1. If you are over 40, consider geting a mammogram. Early detection of breast cancer offers the best chance for a cure. Several groups have guidelines about screening mammograms, including the American Cancer Society, the U.S. Preventive ServicesTask Force and the National Comprehensive Cancer Network. Each of these groups suggests a different timeline for testing. Seattle Cancer Care Alliance, the Hutch’s clinical care partner, supports the American Cancer Society’s statement that women should have the opportunity to start yearly screening mammograms at age 40.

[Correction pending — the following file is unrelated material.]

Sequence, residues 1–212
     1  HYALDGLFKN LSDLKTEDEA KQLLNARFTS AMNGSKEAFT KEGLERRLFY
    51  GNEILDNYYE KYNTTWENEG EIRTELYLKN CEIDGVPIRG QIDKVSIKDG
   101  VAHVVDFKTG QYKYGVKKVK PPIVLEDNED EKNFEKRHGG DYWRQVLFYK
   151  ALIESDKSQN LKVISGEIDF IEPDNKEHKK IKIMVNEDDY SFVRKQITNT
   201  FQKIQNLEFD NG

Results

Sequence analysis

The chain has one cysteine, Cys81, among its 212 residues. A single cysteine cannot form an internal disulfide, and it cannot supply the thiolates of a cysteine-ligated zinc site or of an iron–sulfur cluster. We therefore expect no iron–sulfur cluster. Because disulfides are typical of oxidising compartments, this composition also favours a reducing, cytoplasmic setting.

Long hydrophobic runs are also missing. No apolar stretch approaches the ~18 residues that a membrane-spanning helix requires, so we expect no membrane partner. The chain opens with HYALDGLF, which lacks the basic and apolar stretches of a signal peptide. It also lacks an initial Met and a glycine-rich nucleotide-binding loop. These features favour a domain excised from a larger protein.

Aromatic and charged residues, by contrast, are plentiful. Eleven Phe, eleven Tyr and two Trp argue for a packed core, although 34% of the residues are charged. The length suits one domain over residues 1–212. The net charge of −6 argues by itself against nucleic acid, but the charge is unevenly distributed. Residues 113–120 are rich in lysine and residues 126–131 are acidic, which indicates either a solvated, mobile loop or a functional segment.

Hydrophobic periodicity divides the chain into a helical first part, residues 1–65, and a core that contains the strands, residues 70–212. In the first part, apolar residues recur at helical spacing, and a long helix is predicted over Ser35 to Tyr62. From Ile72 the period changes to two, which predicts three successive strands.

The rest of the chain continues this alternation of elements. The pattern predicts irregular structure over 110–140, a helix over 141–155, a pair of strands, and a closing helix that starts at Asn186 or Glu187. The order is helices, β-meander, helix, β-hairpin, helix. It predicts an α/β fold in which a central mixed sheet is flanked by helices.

2. Where you go matters – choose a mammography expert. Many studies show that doctors who specialize in mammography are more accurate at interpreting the images when compared to physicians with less experience. Get your mammogram read by a doctor who specializes in reading them. The American College of Radiology offers an online search for accredited facilities and “Breast Imaging Centers of Excellence” such as the Seattle Cancer Care Alliance.
3. Go “tomo.” Digital breast tomosynthesis, or “3D mammography,” uses X-rays to create a stack of thin images of breast tissue that helps radiologists better see both normal breast tissue and breast cancers. SCCA offers digital breast tomosynthesis exams at all of its breast imaging locations.